Have you ever wondered how much it costs to create a floating city?
Well in this article we’re going to take a deep dive into the financial aspect of constructing the Icon of the Seas.
Building a cruise ship is a colossal task comprised of engineering marvels and intricate decor.
From the first design sketches to the grand launch every step comes with a hefty price tag.
But just how hefty is this price and is its splurge justified?
Prepare yourself because the numbers just might surprise you.
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Icon Of The Seas Cost
The Icon of the Seas is set to become the world’s largest cruise ship courtesy of Royal Caribbean. It is scheduled to start sailing in 2024 after its completion in late 2023.
This majestic ship will boast several new features including an extensive waterpark a variety of neighborhoods and the largest pool at sea all adding to its estimated construction costs.
The cost to build the Icon of the Seas is estimated to be around $2 billion. This cost is justified given the cruise ship’s size features and capacity.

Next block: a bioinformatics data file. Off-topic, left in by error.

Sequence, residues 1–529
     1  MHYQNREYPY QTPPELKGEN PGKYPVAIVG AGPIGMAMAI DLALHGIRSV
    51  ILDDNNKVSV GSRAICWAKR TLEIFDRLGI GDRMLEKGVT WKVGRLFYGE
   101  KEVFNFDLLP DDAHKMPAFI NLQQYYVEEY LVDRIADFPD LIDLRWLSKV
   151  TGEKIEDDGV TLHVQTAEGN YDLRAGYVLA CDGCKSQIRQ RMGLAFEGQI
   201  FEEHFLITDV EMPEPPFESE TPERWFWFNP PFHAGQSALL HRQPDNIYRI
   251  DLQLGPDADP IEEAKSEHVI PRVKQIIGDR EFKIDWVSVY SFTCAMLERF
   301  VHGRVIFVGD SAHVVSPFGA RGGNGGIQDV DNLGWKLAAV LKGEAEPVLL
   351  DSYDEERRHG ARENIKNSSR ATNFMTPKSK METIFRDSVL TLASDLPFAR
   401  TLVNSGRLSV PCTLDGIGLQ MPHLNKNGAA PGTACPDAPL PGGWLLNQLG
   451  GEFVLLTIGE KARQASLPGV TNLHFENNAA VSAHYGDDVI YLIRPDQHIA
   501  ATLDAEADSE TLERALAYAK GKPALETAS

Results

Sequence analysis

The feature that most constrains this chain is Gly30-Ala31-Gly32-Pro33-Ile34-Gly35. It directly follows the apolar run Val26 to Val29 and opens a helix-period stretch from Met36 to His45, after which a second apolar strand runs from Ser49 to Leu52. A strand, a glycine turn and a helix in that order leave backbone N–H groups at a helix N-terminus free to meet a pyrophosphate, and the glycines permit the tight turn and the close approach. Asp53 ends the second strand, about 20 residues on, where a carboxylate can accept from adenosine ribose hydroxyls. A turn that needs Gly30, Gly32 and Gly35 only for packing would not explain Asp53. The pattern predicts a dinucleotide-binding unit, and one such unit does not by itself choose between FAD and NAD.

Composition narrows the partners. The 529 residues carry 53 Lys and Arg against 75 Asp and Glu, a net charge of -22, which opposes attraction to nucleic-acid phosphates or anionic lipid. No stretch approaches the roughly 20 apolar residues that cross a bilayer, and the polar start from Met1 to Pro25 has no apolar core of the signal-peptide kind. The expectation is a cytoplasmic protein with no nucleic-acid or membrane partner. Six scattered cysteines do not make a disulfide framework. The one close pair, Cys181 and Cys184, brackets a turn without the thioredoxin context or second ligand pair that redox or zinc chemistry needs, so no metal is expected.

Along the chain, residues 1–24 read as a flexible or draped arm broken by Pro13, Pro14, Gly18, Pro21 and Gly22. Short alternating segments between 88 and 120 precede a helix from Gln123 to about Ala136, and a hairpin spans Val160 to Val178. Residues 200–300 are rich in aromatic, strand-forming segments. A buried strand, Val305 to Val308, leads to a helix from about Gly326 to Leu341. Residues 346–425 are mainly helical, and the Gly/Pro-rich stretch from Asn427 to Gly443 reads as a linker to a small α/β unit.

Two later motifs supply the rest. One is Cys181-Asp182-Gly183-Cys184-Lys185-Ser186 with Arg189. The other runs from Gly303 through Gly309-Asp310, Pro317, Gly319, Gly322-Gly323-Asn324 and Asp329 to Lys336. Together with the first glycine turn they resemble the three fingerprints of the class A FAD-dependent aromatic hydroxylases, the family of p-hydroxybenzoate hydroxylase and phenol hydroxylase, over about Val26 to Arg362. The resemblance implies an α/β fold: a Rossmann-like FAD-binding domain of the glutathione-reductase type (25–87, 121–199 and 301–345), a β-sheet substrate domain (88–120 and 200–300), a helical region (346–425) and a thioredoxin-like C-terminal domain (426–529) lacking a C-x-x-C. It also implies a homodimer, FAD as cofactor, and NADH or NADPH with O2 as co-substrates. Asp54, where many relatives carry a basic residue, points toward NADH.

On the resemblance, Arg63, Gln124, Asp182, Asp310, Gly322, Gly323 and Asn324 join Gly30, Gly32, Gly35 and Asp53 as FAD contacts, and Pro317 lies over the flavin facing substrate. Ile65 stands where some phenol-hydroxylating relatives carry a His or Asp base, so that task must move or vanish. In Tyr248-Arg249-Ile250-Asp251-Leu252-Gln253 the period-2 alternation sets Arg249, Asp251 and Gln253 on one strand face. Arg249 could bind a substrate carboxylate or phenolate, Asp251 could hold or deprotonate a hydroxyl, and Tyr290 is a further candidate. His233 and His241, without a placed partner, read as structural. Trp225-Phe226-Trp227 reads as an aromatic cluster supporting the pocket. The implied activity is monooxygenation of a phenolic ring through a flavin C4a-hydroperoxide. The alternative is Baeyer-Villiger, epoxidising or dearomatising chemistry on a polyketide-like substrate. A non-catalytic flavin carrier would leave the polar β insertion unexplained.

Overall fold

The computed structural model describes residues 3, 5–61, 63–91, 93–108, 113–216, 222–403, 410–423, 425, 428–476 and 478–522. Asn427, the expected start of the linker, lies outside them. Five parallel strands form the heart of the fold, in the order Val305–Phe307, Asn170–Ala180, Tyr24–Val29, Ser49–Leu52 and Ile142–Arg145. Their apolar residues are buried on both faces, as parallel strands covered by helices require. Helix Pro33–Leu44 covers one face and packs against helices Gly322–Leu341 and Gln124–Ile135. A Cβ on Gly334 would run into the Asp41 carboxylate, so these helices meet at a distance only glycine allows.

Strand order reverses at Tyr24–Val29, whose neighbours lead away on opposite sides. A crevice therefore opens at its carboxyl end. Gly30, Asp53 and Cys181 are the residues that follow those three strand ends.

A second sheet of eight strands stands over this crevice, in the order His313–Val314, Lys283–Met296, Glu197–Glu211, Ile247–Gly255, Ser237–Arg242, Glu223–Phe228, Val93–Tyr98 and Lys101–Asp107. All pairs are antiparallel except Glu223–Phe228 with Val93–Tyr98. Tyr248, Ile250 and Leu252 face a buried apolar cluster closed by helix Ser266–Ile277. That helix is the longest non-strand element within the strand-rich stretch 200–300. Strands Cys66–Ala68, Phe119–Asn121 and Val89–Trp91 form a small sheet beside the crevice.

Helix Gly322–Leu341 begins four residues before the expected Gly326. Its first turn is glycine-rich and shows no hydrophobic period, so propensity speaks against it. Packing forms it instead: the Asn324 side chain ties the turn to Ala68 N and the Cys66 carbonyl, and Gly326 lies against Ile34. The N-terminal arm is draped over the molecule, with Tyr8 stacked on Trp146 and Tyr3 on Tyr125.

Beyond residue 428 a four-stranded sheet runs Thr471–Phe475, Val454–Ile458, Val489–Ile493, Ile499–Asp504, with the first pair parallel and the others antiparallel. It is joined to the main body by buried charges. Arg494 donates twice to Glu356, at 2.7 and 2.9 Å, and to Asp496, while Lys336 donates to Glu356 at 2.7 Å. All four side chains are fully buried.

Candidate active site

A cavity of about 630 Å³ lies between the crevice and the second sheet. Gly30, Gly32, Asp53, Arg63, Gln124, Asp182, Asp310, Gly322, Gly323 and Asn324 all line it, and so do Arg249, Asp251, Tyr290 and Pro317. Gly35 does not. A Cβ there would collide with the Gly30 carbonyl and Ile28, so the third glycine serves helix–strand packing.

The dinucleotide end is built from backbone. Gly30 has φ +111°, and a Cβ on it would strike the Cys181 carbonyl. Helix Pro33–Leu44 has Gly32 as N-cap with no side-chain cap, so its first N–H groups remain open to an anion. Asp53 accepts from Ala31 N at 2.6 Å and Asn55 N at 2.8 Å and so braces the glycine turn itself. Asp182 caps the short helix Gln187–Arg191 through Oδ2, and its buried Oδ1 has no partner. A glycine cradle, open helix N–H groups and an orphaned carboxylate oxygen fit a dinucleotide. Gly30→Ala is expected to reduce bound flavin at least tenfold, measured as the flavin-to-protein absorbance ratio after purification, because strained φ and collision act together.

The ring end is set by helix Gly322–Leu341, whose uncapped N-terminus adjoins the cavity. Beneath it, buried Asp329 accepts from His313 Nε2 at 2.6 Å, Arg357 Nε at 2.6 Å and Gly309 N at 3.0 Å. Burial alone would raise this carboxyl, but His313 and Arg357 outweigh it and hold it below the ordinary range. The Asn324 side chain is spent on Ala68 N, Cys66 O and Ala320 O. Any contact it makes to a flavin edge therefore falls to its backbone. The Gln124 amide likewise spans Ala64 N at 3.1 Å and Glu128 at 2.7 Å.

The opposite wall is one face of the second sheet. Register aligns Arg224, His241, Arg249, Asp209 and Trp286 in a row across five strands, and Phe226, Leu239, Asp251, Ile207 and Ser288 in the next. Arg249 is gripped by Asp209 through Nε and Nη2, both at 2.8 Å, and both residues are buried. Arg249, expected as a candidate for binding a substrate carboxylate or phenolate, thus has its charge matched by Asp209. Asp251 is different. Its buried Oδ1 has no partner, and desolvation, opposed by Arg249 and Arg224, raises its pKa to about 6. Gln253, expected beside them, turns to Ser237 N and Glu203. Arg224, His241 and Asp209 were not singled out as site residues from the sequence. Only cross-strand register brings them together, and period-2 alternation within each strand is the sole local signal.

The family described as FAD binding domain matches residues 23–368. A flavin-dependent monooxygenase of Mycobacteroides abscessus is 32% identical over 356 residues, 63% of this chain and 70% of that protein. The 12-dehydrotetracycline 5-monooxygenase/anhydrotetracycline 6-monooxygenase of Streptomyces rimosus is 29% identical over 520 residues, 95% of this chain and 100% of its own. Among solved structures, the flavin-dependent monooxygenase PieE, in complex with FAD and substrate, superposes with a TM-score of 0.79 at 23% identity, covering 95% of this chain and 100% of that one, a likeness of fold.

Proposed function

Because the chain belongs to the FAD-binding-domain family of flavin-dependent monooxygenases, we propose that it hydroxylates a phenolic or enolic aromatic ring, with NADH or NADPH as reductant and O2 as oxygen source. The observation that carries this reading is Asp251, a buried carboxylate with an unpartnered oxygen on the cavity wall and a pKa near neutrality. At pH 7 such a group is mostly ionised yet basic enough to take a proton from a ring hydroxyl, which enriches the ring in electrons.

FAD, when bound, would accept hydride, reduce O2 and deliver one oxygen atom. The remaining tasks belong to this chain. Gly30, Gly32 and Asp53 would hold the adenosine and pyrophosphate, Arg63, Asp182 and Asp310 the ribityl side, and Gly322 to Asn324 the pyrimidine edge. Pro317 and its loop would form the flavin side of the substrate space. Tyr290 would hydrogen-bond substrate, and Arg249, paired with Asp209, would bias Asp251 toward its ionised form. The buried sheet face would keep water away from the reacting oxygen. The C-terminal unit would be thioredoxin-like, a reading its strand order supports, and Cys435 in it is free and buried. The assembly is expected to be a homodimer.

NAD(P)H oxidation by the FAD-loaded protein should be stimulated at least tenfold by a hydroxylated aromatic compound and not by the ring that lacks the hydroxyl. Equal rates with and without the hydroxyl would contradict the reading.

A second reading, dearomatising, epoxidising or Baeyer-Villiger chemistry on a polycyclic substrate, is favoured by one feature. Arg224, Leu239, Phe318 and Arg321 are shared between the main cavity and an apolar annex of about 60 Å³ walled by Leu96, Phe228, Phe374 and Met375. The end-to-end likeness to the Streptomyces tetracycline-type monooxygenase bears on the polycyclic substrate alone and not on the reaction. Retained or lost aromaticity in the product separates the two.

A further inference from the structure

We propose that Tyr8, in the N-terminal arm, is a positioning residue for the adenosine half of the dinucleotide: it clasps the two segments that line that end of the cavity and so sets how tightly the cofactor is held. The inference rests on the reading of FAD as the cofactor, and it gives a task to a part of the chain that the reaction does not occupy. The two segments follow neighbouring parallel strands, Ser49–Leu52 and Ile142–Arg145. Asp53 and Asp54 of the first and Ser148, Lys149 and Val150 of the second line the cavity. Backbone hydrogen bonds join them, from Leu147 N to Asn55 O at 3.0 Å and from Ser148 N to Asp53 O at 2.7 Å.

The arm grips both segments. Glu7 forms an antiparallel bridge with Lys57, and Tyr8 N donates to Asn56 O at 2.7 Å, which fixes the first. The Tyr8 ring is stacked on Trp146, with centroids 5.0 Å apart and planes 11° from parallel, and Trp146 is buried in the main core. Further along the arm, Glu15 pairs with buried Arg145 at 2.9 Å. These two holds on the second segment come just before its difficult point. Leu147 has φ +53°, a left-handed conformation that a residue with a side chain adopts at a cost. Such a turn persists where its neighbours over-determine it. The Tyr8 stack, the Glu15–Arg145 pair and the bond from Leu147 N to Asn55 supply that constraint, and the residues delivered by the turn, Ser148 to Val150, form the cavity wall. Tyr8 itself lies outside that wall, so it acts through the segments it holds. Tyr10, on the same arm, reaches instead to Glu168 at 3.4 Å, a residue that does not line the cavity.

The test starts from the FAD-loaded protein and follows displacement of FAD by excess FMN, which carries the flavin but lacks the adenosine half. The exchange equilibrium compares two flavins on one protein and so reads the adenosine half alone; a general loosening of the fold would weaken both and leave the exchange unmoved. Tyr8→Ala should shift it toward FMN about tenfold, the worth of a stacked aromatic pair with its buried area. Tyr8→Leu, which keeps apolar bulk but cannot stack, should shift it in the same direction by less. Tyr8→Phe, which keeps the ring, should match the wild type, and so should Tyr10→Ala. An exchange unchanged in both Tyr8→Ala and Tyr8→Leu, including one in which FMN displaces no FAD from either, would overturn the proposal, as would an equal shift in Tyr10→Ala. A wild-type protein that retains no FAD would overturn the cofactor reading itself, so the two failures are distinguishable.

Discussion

It has already proved to be a worthy investment for Royal Caribbean earning the title of the ‘best-selling product’ in the company’s 53-year history seeing massive demand and generating substantial booking revenue.
Building a cruise ship is an expensive undertaking due to their immense size elaborate layout and luxurious amenities. The cost of constructing cruise ships has significantly increased over the years.
For instance cruise ships built in the early 1990s would cost around $300 million today while those built in the 2000s exceeded $500 million. Today most new cruise ships can cost over $1 billion especially those accommodating over 3000 passengers costing over $750 million.
Royal Caribbean’s Icon of the Seas is no exception. With 20 decks seven pools and weighing in at 250800 tonnes it is a titan amongst its peers.
Its construction began in 2021 in Finland a choice location due to lower labor and construction costs compared to the United States. Over 3000 workers are involved in its construction working tirelessly to bring this modern wonder to life.
By 2024 it is set to be the biggest cruise ship in the world.
Expensive Cruise Ships
Building a cruise ship is not a cheap endeavor. For instance constructing a ship in the 90s would set back the builder by around $300 million.
In the 2000s the average building cost of a cruise ship exceeded $500 million. With the growing demand for bigger ships with more amenities brace to cough up over a $1 billion today.
Building ships with the capacity to accommodate over 3000 passengers generally cost up to $750 million. Moreover Royal Caribbean’s Oasis Class cruise ships hold the record as the most expensive costing between $1.3 to $1.45 billion each.
Another notable expense factor is the market research that’s conducted before commencement of the construction. This helps to design the layout and amenities of cruise ships to cater to customer preferences.